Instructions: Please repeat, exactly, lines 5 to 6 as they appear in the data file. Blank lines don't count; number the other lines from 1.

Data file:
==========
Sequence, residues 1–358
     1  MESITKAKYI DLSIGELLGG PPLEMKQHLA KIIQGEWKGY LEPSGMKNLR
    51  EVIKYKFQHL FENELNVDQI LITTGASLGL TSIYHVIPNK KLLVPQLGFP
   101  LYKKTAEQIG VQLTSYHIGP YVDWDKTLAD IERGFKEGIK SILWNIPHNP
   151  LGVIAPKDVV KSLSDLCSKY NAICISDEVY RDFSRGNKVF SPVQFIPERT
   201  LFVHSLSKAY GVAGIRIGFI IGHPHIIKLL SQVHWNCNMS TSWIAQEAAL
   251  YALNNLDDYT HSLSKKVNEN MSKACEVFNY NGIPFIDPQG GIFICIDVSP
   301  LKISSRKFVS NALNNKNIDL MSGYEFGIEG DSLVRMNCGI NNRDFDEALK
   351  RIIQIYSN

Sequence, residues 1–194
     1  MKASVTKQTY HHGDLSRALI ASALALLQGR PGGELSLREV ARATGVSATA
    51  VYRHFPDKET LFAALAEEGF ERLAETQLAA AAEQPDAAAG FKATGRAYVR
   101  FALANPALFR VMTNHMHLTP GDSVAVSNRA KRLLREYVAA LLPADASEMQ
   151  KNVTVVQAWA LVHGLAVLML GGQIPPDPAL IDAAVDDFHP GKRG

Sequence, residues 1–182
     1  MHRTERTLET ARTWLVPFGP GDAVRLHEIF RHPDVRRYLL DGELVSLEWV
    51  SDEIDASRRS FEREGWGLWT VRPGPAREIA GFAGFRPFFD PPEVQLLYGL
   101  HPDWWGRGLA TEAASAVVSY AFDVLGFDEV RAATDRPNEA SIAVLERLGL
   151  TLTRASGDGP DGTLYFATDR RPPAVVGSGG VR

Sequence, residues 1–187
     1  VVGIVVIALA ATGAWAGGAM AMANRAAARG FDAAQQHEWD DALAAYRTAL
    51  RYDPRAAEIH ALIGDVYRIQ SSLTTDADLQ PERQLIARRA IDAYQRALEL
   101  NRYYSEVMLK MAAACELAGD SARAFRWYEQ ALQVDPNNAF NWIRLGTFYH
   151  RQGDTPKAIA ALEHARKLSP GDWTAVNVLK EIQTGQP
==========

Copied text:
   151  LGVIAPKDVV KSLSDLCSKY NAICISDEVY RDFSRGNKVF SPVQFIPERT
   201  LFVHSLSKAY GVAGIRIGFI IGHPHIIKLL SQVHWNCNMS TSWIAQEAAL